The City of Detroit’s annual volunteer push to eliminate arson around Halloween kicked off Tuesday as Mayor Dave Bing and other civic officials urged residents, block clubs, churches and school groups to get involved to keep the city safe.
At an outdoor news conference on the city’s north side, Bing, Executive Fire Commissioner Donald Austin and Police Chief Ralph Godbee Jr. stressed the need for community involvement during the Angels’ Night campaign, which runs Oct. 29-31.
"We can’t do this without the support of the citizens and the business community, but if we all do our part, we can make a real difference," Bing said. "We need to go out for three nights and get engaged. All of us here today love our city and want to bring it back, and the only way we can do that is to become collectively involved."
This year’s theme, “Watch Your Block,” encourages residents to concentrate on the blocks immediately surrounding their homes by monitoring vacant buildings, turning on porch lights from dusk to dawn and reporting suspicious activity to police.
Last year, Detroit firefighters battled 169 fires during the three-day Angels’ Night period — a 42% jump over the year before and a reversal of several years of declining numbers. But that’s still far fewer than in years past; in 1984, there were more than 800 fires when Oct. 30 was known as Devil’s Night.
"We need to get the word out that if someone so much as strikes a match, we’ll be there looking over their shoulder," Godbee said.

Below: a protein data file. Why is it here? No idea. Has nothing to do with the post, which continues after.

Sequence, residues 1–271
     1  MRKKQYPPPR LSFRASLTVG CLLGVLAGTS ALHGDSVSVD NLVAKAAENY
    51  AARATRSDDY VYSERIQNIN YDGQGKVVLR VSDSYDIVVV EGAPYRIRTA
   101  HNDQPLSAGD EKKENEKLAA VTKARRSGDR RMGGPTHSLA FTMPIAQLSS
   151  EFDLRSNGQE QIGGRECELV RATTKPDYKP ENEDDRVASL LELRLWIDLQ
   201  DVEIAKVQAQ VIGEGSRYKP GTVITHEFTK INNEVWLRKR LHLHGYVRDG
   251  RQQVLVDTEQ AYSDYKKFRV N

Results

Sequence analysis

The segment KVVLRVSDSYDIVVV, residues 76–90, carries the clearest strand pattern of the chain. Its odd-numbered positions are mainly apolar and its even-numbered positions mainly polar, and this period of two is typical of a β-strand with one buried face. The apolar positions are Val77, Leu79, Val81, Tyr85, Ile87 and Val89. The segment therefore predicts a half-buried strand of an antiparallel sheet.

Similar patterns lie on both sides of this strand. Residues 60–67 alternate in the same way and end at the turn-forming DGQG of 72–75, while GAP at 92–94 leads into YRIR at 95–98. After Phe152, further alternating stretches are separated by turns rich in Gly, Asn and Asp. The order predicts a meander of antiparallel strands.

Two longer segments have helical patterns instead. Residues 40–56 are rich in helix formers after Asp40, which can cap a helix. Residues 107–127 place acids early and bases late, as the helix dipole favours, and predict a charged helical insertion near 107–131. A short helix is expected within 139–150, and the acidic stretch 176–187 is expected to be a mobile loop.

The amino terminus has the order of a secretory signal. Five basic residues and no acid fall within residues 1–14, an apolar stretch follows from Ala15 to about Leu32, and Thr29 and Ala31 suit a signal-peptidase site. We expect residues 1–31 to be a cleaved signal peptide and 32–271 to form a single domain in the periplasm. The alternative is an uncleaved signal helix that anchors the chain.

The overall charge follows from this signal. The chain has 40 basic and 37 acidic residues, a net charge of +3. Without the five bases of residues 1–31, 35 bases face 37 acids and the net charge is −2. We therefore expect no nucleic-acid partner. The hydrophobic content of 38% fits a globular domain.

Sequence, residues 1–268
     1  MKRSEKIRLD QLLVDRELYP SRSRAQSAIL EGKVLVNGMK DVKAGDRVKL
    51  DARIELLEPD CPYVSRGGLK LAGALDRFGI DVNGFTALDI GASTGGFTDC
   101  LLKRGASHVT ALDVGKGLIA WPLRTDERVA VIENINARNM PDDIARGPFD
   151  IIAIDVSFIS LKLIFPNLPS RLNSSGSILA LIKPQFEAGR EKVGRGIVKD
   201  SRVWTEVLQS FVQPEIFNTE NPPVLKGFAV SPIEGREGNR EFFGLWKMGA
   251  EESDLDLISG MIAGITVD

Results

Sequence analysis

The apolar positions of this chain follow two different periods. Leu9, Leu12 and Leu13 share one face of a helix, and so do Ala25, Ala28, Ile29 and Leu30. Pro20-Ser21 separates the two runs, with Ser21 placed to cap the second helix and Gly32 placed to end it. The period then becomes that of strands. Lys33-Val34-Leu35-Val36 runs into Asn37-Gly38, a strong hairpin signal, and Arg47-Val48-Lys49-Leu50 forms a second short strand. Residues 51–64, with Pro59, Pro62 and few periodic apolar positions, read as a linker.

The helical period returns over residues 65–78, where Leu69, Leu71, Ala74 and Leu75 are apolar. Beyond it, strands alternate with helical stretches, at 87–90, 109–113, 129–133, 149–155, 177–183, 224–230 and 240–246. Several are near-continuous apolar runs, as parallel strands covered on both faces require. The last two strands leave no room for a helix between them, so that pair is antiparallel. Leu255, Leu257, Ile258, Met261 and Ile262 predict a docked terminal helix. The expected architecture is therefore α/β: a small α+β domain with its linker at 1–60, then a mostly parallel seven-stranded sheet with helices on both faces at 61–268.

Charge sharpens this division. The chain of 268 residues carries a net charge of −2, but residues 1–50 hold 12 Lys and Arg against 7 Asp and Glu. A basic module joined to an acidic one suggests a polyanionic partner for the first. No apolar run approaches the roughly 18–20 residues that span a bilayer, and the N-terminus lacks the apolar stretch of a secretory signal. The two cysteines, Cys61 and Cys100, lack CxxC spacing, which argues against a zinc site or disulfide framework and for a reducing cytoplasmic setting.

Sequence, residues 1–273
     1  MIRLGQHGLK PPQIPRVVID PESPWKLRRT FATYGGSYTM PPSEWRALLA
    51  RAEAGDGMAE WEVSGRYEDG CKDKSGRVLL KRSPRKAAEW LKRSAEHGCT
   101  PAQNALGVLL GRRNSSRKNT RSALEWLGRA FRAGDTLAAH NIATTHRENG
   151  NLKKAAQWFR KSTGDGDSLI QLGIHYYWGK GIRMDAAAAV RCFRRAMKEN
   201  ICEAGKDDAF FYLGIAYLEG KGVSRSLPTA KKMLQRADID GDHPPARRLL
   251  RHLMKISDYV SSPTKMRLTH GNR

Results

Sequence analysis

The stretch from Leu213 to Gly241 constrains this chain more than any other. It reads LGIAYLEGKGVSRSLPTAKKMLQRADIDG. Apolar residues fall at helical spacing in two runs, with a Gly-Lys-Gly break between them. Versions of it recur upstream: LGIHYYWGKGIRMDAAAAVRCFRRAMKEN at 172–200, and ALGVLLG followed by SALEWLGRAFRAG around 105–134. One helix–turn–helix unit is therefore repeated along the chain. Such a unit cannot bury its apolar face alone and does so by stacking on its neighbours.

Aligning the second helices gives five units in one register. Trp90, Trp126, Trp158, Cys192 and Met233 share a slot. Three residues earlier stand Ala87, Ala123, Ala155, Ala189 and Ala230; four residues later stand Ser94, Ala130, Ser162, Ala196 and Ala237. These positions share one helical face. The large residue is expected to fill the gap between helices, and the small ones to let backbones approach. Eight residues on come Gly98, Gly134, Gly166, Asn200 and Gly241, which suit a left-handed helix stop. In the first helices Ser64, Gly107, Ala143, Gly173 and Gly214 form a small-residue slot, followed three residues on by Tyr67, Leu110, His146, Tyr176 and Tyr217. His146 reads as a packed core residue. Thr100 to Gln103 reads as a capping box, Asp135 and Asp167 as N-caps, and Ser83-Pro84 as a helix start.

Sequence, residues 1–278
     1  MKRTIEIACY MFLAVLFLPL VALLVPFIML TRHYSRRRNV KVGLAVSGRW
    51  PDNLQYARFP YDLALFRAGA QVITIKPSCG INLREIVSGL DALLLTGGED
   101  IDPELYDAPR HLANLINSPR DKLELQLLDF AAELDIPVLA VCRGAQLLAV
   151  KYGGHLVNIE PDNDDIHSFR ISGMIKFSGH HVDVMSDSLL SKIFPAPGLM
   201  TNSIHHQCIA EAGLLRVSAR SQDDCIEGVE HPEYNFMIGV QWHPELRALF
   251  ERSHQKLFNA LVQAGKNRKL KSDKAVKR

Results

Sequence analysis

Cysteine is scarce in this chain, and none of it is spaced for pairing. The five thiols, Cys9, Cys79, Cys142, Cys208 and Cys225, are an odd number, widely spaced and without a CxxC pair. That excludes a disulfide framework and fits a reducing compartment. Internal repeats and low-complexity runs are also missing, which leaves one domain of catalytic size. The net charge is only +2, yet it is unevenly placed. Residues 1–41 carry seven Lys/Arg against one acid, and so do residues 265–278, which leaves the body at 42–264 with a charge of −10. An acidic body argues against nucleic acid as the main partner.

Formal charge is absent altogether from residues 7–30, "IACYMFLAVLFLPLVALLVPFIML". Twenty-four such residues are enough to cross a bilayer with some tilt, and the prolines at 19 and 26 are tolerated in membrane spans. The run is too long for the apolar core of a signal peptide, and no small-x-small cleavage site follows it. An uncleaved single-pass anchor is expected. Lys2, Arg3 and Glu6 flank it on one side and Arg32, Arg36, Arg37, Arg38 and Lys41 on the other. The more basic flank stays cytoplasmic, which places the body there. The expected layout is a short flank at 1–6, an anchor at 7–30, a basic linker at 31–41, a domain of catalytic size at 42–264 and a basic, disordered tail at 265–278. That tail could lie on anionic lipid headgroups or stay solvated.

The police chief also urged parents and caregivers to maintain the city’s emergency curfew. Teens 17 and younger must be accompanied by a parent or guardian from 6 p.m. Oct. 29 to 6 a.m. Oct. 30 and from 6 p.m. Oct. 30 to 6 a.m. Oct. 31.
Volunteers are needed for each night during the three-day period. For more information about Angels’ Night, call the Community Access Centers at 313-224-3450 or visit www.angelsnight.org.
To celebrate the success of the pilot season of Detroit Eastern Market Tuesdays (which ends tomorrow 9/27) we are proud to bring a nationwide four-wheeled-phenomenon to the Motor City — Detroit’s first official food truck gathering!
Sample a diverse array of dishes, experience entrepreneurship in action, and be a part of Detroit food history you will not want to miss!
A group of local artists, designers, writers and others has transformed a piece of vacant land in Detroit into a European-style beer garden.
The Tashmoo Biergarten will pop up once a week and feature a rotating selection of beer by Michigan brewers, local food vendors and board games to keep patrons entertained throughout its run, which will be five Sundays, from Sept. 25 through Oct. 23.
Organizers say “tashmoo” is a Native American word understood to mean “meeting place.”
Event co-founder Suzanne Vier says Tashmoo Biergarten is patterned after European beer gardens, which she says are great places “for people within a community to come together while drinking a beer, having a bite to eat, or playing a game of chess outdoors with their neighbors.”
Fellow Detroiters, what are some of your fav dining spots?
Lafayette Coney Island, obviously. But since I’ve been in Midtown, Motor City Brewing Works has been my go-to restaurant when I have visitors. The pizza is reeeally good and they have this cherry wine that I could probably drink every day for the rest of my life.
Three arts and culture organizations located in Detroit’s Woodward Avenue corridor will receive $1.33 million to expand their programs as part of an arts-based economic development initiative being launched in two dozen cities and towns across the nation.